Noise Action Plans and Noise Policy Statement for England
during 2009. These are for road and rail.
New evidence has been provided to help road and rail operators decide on the
best way to deal with the impact of noise in the 23 largest urban areas, and near
to major roads and railways across the country.
Target areas have been identified through a series of noise maps, and the relevant
authority will investigate these areas to see what further noise mitigation can
be carried out.
Authorities can propose measures such as sound barriers alongside roads, better
road surfaces, and lower speed limits for drivers. Insulation such as secondary
glazing might also be installed in affected homes.
Also published today, the Noise Policy Statement for England (NPSE) sets out noise management policy
for the first time in the form of the Government’s long term vision to manage
noise and improve health and quality of life
development. The document seeks to make explicit the implicit underlying principles
and aims regarding noise management and control that are to be found in existing
policy documents, legislation and guidance. The policy statement can be found
the Noise Policy Statement for England is at
Environment Minister Jim Fitzpatrick said:
"Noise pollution can have a real impact on people’s lives and their health. We
can’t just turn down the volume along major transport routes, which millions of
people use every day, but we’re asking for local solutions to make sure the effects
of noise are properly managed, in order to improve health and quality of life."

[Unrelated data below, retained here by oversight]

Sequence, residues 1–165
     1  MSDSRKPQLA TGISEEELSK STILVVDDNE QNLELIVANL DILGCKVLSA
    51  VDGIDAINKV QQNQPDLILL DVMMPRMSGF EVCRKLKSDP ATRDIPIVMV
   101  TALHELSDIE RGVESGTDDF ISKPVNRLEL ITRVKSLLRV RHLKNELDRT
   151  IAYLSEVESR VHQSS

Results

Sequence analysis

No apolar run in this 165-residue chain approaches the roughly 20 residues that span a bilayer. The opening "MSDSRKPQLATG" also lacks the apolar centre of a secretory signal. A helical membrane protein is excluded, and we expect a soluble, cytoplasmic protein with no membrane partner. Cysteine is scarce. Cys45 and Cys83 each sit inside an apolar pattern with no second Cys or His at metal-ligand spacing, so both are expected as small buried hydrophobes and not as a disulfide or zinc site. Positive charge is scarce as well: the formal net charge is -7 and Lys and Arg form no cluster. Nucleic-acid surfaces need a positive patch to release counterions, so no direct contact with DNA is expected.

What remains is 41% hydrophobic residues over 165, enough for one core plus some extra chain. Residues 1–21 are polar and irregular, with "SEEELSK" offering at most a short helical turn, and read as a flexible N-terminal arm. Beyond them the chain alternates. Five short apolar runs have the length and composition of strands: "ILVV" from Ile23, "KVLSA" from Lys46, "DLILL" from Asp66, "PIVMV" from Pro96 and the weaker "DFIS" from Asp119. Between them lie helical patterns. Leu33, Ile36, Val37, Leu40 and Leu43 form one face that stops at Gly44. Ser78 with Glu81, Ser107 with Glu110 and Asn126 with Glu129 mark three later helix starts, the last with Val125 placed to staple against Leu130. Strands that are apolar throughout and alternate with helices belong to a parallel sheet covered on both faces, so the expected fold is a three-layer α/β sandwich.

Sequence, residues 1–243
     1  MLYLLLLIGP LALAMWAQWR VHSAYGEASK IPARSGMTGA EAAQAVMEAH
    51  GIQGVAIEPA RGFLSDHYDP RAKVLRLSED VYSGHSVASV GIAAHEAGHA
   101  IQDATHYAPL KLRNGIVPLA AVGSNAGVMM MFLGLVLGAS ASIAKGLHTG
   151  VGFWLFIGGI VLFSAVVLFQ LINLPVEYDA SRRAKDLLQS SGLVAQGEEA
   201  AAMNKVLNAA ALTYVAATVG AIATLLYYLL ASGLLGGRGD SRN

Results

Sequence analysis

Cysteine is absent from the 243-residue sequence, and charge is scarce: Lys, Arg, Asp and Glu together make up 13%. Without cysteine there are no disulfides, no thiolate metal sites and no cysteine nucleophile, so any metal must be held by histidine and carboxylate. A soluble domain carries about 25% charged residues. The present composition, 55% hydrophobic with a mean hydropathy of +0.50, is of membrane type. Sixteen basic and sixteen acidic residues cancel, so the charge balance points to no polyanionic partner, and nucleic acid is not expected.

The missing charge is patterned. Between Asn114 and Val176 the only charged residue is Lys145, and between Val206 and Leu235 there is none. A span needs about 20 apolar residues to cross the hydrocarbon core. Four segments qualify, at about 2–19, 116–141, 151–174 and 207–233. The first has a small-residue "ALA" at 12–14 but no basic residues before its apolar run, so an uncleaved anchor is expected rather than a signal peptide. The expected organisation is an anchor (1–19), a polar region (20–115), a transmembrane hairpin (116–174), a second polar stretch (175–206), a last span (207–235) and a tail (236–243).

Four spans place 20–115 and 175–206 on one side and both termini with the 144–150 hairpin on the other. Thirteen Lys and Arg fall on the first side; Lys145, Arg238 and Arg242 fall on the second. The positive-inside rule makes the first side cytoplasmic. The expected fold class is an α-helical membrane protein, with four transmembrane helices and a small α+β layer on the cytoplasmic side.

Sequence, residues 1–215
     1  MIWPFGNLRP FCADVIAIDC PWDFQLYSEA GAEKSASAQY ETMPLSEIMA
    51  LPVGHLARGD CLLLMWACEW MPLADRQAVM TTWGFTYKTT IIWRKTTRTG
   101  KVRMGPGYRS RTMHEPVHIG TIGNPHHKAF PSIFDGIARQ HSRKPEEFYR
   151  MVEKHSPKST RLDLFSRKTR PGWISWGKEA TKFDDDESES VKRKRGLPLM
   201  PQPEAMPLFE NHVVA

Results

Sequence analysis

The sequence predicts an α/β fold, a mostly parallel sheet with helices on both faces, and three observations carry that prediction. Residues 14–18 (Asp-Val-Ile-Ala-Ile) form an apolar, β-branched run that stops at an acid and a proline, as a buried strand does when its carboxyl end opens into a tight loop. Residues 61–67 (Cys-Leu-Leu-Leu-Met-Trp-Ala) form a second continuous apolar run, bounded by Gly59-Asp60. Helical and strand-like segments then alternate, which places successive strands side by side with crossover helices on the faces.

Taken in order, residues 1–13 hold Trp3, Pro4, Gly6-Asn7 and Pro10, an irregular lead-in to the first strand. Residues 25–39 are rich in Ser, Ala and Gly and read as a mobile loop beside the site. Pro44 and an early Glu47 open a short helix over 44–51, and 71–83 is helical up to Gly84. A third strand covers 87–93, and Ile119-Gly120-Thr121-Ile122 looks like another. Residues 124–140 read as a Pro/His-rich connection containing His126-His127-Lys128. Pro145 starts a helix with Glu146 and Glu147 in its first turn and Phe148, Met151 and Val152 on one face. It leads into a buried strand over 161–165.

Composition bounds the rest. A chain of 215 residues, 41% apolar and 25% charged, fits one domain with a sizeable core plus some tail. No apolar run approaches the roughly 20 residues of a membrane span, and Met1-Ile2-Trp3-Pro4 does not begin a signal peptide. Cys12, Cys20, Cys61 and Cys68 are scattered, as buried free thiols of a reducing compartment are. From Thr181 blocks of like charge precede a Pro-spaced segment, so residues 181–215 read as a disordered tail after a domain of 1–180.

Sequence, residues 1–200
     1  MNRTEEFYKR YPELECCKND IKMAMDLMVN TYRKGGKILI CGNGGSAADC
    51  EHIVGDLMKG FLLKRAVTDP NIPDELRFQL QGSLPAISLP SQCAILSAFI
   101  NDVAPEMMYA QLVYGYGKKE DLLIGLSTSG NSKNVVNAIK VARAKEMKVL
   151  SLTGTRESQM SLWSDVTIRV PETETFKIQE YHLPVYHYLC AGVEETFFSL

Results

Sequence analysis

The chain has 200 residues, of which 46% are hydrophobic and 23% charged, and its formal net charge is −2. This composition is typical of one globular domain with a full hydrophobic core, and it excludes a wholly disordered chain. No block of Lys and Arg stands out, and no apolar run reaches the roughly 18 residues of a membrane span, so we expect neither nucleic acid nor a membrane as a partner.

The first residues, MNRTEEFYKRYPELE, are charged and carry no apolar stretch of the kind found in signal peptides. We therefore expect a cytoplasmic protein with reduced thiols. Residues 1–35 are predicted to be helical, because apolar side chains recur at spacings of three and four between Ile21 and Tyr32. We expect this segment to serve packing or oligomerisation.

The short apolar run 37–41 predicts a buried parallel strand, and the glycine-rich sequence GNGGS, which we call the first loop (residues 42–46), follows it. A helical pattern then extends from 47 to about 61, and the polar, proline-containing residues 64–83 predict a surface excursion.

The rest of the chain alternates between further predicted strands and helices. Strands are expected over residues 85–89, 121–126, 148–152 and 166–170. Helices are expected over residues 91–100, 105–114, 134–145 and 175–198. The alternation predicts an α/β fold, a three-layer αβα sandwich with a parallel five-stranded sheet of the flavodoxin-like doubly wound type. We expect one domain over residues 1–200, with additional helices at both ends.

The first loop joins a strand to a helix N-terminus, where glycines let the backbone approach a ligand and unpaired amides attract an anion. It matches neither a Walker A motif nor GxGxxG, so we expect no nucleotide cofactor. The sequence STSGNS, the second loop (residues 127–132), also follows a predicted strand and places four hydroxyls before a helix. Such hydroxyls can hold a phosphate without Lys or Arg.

Notes to editors
- Under the Environmental Noise Directive, ‘Noise Action Plans’ are to be set up
in the following 23 urban areas, or ‘agglomerations’: Birkenhead, Blackpool, Bournemouth,
Brighton, Bristol, Coventry, Hull, Leicester, Liverpool, London, Manchester, Nottingham,
Portsmouth, The Potteries (including Cheshire East, Newcastle-under-Lyme, Stafford,
Staffordshire Moorlands and Stoke on Trent), Preston, Reading, Sheffield, Southampton,
Southend, Teeside,Tyneside, West Midlands and West Yorkshire.
- The noisiest areas of England were identified through Defra’s series of "noise
maps", which established noise levels through computer modelling. More background
can be found on our Noise Mapping England website and clicking on "Maps and charts".
- Noise action plans and the Noise Policy Statement for England.
- The process of establishing Quiet Areas will begin in July 2010.
- The Noise Policy Statement for England is intended to make explicit the underlying
implicit principles and aims within current policy documents, legislation and
Below are some sections of the Noise Policy Statement:
neighbourhood noise within the context of Government policy on sustainable development:
mitigate and minimise adverse impacts on health and quality of life; and
where possible, contribute to the improvement of health and quality of life
noise in the workplace (occupational noise). For the purposes of the NPSE, "noise"
"neighbour noise" which includes noise from inside and outside people‟s homes;
"neighbourhood noise" which includes noise arising from within the community
such as industrial and entertainment premises, trade and business premises, construction
sites and noise in the street.
account at the appropriate time. In the past, the opportunity for the cost effective
management of noise has often been missed because the noise implications of a
particular policy, development or other activity have not been considered at an
early enough stage.
alongside other relevant issues and not to be considered in isolation. In the
past, the wider benefits of a particular policy, development or other activity
may not have been given adequate weight when assessing the noise implications.
reviewed (on a prioritised basis), and revised if necessary, so that the policies
and any noise management measures being adopted accord with the vision, aims and
principles of the NPSE.